Saturday, 7 November 2009

Brazilian Opening Reception

On Wednesday I attended an opening reception at YBCA for a show called, When Lives Become Form: Contemporary Brazilian Art, 1960s to the Present. It was a lot of fun and totally worth getting a mild sore throat over the next day.

There were live Brazilian bands (both traditional and contemporary), Brazilian cocktails, ladies dressed in pink feathers and half naked, and there was art too. It was a show that could only be fully experienced at the reception because it really transformed the atmosphere from a museum to a party.

Purpose of the Show: The art show was about using cultural, historical, traditional, and societal influences that were deeply rooted in Brazil in order to create a movement of contemporary artistic statements using modern American and European inspirations, such as Dadaism and Deconstructionism to name a couple. Made up of Brazilian, Japanese-Brazilian, Jewish-Brazilian, and Afro-Brazilian artists, the show consisted of visual art, music, fashion design, sculpture, film, and architecture. The central theme revolved around Tropicália.


Tropicália was an art movement in Brazil from 1967 to 1972 that focused on how art was shifting from what was considered "high brow" to commercial art. The idea originated from Hélico Oiticica -who was also the central figure of the art show. In 1967, Oiticica used clichés and tropical tropes, such as palm trees and tropical birds, to show how the culture had been consumed by commercialistic art. It was a form of expression that protested what society was becoming.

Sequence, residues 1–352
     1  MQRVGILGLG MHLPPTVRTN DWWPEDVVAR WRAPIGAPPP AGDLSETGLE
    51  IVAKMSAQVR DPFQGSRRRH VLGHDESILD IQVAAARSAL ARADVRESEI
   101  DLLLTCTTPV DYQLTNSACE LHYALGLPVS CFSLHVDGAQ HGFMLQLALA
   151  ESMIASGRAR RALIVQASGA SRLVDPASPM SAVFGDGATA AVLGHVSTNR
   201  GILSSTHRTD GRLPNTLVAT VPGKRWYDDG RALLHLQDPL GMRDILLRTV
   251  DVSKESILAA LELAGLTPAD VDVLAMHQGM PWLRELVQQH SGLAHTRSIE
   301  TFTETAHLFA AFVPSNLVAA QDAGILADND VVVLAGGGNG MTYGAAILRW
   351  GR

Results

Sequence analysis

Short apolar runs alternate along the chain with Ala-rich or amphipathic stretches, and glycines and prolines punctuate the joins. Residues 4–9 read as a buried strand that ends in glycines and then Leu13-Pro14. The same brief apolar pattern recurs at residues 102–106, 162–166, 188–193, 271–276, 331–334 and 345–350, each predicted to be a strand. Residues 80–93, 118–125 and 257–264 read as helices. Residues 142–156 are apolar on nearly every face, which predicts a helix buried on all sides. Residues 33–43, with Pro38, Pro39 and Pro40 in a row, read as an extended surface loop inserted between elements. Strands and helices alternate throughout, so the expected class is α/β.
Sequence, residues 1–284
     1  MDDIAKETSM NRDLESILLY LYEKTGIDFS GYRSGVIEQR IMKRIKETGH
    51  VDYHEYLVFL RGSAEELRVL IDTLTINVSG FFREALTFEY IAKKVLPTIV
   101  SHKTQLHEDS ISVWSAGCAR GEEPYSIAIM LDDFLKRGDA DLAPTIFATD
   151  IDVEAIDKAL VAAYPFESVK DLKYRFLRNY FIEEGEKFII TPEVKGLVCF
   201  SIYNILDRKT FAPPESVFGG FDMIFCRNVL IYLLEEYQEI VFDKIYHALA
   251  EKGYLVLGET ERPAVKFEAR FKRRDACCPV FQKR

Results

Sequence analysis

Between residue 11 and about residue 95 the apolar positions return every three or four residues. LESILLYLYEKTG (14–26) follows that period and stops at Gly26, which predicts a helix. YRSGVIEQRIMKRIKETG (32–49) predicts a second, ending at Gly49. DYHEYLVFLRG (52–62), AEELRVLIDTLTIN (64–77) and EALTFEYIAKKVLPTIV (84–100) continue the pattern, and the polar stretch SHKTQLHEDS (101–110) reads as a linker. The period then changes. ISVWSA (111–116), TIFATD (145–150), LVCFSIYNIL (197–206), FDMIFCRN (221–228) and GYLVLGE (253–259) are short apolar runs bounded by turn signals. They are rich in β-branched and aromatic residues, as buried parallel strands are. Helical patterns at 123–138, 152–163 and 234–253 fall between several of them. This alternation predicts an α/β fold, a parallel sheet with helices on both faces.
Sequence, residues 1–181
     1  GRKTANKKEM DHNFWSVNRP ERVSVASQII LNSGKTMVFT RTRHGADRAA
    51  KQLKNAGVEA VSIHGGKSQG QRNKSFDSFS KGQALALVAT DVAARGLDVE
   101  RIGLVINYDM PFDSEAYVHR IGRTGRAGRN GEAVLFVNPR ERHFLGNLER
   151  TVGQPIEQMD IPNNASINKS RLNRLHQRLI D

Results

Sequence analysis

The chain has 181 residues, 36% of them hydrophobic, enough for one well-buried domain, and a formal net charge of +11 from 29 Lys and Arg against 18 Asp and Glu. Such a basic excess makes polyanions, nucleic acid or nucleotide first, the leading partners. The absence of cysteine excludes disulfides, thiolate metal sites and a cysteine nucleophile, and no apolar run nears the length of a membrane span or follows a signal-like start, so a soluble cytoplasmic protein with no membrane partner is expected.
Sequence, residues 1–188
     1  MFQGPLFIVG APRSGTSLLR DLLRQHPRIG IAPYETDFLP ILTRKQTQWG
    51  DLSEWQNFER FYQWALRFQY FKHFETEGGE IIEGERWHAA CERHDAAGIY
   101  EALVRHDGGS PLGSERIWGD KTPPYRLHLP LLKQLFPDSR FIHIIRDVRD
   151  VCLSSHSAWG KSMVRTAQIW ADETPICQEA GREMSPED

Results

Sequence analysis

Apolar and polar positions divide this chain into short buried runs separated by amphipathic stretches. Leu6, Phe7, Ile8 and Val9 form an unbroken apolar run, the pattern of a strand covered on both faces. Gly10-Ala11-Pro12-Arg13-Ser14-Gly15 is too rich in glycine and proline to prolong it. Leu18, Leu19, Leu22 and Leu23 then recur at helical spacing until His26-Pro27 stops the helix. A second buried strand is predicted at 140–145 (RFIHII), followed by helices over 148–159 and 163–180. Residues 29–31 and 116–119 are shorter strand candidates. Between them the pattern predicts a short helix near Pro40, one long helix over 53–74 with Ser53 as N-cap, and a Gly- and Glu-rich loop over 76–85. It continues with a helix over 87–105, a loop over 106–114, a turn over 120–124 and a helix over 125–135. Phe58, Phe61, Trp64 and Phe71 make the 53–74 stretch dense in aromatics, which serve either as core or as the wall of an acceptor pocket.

By 1972, a military dictatorship emerged in Brazil, which established censorships on art and freedom of speech. Many of the artists who led and followed the ideas and beliefs of Tropicália were incarcerated, exiled, or executed. Despite years of having a military dictatorship, Brazil returned to its democratic government in 1985 and the spirit and ideas of Tropicália flourish once again, but with a modern twist.

Enough with the History: I will show some artists that I really enjoyed at the show and briefly discuss their work. Some work may relate to other issues and themes depending on the artist’s ethnic background.

Fashion Design:
Jum Nakao. Sewing the Invisible.

This is a modified version of the video at the museum -the one at the museum is better. Fashion designer Jum Nakao created all of these clothing articles out of paper. Yes, paper. The featured fashion show was based on traditional Japanese dresses. Nakao wanted to show the rigidness of the past and how people tried so hard to conform to these ideals and to obey governmental authority. By busting out of the delicate dresses, the models were breaking away from the rigid past and governmental restrictions and becoming free to the modern ways of self-expression and freedom. It was stated that some people who saw the fashion show had cried because they could not picture a life without the strict traditions.

To Learn More Information: If you would like to see more pictures and to learn more about the show, visit my blog:

Happy reading,

Leslie Ann


  1. That's really cool and inspiring. I love the fashion show will check your bog later. GO BRAZIL!

  2. I think you should bring more art like this to our attention it was really good.

  3. This is really cool, thanks for sharing! Those paper dress must have taken a long time to complete. It seems designers are expanding their craftsmanship and conceptual approaches to fashion by utilizing non-traditional materials as a way to challenge past restrictions and old ideals. I'm glad you posted this! :)